If you’re applying for a merchant account, you’re probably wondering whether or not you need a terminal, and if you do need a terminal, which terminal is right for you. There are a number of terminals on the market today, and finding the one that is right for you is a simple matter of addressing your specific needs.
The first question is whether or not you need a terminal. If you have a business that requires face-to-face contact with your customers, such as a retail shop or a restaurant, a terminal is probably a good idea. Terminals are generally used in “card present” situations. This means that more than 50 percent of the time, a credit card is actually present at the time of the sale.
With a credit card terminal, you simply swipe the credit card through the machine or enter the numbers on the terminal keypad and the transaction is processed. Oftentimes, two receipts will print directly from the terminal. One copy is for the customer to keep, the other copy the customer signs and you, the merchant, keep.
It is also possible to use a terminal in a “card not present” situation. For example, if you were to take mail order or Internet orders, you can simply key the credit card information into the terminal. Many online businesses prefer to use a terminal in this manner, although it is usually advisable to use software or Internet programs in this type of scenario.
The cost of a terminal can range anywhere from $99 to more than $1000. How much you pay for a terminal will depend on the age of the model you are purchasing, what features are offered and whether or not a printer is included.
Now that you know whether or not you need a terminal, it’s time to look at what kinds of terminals are available to you.
If you need more than one merchant account in your terminal, there are some terminals that can accommodate this need, with some terminals being able to hold up to 9 merchant accounts. If multiple businesses are sharing one terminal, this type of equipment may be of great value to you.
The majority of terminals dial out through a phone line with a transaction time of about 10 seconds. The line that the terminal dials out through can be a shared line and you can have other devices such as a modem or a fax machine hooked up to the same line. However, it is important that this line does not have call waiting or transactions may become disturbed during processing.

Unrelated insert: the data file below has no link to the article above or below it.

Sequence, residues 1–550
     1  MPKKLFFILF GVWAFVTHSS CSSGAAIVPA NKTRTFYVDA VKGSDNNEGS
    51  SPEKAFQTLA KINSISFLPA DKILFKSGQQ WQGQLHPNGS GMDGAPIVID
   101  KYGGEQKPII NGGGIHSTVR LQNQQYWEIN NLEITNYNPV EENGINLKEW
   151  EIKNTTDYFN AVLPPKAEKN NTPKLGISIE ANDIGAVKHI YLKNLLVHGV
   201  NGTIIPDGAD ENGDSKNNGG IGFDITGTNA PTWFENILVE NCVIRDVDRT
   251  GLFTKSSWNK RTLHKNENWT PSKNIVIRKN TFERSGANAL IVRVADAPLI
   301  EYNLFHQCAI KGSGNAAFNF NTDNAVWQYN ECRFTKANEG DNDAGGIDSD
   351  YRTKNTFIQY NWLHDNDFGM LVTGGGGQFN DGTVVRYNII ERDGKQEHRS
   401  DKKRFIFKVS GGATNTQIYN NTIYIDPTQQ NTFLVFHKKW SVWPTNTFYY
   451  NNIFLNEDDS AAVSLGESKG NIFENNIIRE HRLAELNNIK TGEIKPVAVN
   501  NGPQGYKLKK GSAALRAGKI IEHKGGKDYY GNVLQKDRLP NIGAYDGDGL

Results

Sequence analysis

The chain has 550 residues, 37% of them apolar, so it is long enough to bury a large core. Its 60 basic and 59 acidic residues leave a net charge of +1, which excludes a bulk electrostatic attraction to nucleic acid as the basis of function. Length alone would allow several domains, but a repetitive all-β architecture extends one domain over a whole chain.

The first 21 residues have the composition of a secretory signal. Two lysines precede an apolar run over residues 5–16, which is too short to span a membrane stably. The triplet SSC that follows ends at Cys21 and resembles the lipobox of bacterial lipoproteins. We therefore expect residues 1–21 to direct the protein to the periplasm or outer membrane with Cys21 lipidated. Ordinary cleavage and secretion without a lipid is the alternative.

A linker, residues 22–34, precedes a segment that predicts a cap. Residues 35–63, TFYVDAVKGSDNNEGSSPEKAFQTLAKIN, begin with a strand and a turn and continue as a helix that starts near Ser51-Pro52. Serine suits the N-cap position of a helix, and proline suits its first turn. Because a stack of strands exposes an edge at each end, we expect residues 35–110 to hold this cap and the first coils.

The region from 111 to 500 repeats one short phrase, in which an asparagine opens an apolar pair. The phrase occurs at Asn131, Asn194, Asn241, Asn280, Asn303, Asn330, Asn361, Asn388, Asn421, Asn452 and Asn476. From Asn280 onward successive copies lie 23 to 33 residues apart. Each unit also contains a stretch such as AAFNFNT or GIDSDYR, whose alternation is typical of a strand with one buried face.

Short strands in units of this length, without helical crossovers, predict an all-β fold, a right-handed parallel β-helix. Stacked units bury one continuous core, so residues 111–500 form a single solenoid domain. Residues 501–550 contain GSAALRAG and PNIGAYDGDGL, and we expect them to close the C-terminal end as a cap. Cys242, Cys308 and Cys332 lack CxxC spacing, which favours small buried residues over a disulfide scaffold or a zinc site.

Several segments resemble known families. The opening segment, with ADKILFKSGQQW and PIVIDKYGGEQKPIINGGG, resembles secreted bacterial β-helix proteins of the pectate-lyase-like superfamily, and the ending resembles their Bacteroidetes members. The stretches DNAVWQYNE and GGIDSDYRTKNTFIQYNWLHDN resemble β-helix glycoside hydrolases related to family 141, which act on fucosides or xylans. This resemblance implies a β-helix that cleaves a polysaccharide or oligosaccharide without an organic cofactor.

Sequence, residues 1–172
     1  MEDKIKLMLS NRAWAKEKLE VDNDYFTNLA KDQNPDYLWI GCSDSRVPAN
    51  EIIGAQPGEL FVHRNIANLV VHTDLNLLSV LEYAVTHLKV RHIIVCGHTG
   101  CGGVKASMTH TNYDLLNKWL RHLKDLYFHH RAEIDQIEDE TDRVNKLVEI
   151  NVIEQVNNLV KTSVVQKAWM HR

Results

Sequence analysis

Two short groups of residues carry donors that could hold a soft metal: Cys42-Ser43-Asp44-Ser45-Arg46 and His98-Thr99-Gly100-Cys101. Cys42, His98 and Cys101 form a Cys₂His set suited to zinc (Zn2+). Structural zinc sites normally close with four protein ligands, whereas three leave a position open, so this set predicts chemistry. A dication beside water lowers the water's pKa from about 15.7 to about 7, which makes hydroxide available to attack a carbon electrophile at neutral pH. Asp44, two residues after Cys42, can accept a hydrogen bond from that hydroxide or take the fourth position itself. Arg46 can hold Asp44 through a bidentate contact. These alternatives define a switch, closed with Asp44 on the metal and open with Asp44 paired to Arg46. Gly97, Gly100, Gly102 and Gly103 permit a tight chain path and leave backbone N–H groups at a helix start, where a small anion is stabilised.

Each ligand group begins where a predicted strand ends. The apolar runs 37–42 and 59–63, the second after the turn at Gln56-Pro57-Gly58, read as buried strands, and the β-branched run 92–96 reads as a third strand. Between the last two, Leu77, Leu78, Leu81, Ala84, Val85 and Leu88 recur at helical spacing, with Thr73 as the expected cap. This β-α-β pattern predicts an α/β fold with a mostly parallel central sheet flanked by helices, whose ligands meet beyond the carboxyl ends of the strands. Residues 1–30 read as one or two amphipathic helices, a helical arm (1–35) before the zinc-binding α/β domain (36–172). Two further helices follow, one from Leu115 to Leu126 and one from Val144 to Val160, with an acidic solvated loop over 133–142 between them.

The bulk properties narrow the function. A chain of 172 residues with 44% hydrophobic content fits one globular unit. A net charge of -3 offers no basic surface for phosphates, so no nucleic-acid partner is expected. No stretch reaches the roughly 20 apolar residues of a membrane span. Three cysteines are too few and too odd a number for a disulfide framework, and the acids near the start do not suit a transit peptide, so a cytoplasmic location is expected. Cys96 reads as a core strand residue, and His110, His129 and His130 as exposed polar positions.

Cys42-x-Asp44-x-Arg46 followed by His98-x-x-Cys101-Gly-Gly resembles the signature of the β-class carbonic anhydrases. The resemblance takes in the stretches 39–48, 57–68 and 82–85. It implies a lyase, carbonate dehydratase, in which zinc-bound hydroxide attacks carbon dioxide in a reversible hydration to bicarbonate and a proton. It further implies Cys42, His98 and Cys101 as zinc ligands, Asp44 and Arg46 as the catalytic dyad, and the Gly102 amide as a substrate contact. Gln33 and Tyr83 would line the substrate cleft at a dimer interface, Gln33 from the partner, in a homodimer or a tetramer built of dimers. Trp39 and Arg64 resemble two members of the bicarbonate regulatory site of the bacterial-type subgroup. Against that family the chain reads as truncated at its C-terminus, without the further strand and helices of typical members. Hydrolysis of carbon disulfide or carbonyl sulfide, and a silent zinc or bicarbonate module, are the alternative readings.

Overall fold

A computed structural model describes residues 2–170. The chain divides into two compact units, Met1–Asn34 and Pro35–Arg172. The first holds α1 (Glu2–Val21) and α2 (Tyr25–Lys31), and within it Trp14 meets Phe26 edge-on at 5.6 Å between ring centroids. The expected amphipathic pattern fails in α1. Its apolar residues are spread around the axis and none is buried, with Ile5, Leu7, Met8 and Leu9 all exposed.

The newer terminals are using IP connections in lieu of phone lines. If your business has DSL or high-speed Internet access, it is best to use this type of terminal so you can save money on an extra phone line and increase your transaction times to an average of 2-3 seconds per transaction.
If a phone line or Internet connection isn’t available, you may want to opt for a wireless terminal. This type of terminal does not need a phone line and can communicate wirelessly much like your cell phone or your wireless PDA. With this type of terminal, you can process your transactions anytime, anywhere, without the need for a phone line or an Internet connection.
If a wireless terminal isn’t a viable option but you still need to be able to accept transactions where a phone or Internet connection isn’t available, a terminal with store and forward capabilities may be your best bet. This will allow you to enter the information into the terminal, but the terminal won’t actually dial out for authorization until later that day when you have access to a phone line or Internet connection.
If you want to accept ATM cards through your terminal, you’ll need a PIN pad. A PIN pad will allow your customers to use their ATM cards to pay for your goods or services. If you don’t have a PIN pad, you’ll still be able to accept debit cards, but you’ll need to run it as a check card.
When you decide which type of terminal is best for your business needs, research the price. You will want to make a purchase instead of a lease, as leasing will cost you more money in the long run. If a company tries charging you an absurd amount of money for your terminal or tries pushing you into a lease, take your business elsewhere. You shouldn’t pay more for a terminal than what it’s worth and you shouldn’t be pushed into a lease commitment either.